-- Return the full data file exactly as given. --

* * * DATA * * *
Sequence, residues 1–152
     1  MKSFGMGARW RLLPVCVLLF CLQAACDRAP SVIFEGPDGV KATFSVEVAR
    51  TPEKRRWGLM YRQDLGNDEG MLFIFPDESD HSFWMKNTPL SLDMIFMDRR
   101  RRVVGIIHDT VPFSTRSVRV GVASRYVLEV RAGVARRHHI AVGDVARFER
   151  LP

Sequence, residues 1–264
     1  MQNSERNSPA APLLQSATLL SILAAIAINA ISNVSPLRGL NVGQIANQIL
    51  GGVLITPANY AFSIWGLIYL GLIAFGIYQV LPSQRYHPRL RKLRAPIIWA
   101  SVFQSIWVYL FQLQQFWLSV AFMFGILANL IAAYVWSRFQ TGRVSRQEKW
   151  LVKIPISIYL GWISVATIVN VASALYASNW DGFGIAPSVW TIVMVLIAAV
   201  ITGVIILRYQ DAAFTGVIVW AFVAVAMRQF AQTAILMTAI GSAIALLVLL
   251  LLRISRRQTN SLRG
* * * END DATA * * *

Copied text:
Sequence, residues 1–152
     1  MKSFGMGARW RLLPVCVLLF CLQAACDRAP SVIFEGPDGV KATFSVEVAR
    51  TPEKRRWGLM YRQDLGNDEG MLFIFPDESD HSFWMKNTPL SLDMIFMDRR
   101  RRVVGIIHDT VPFSTRSVRV GVASRYVLEV RAGVARRHHI AVGDVARFER
   151  LP

Sequence, residues 1–264
     1  MQNSERNSPA APLLQSATLL SILAAIAINA ISNVSPLRGL NVGQIANQIL
    51  GGVLITPANY AFSIWGLIYL GLIAFGIYQV LPSQRYHPRL RKLRAPIIWA
   101  SVFQSIWVYL FQLQQFWLSV AFMFGILANL IAAYVWSRFQ TGRVSRQEKW
   151  LVKIPISIYL GWISVATIVN VASALYASNW DGFGIAPSVW TIVMVLIAAV
   201  ITGVIILRYQ DAAFTGVIVW AFVAVAMRQF AQTAILMTAI GSAIALLVLL
   251  LLRISRRQTN SLRG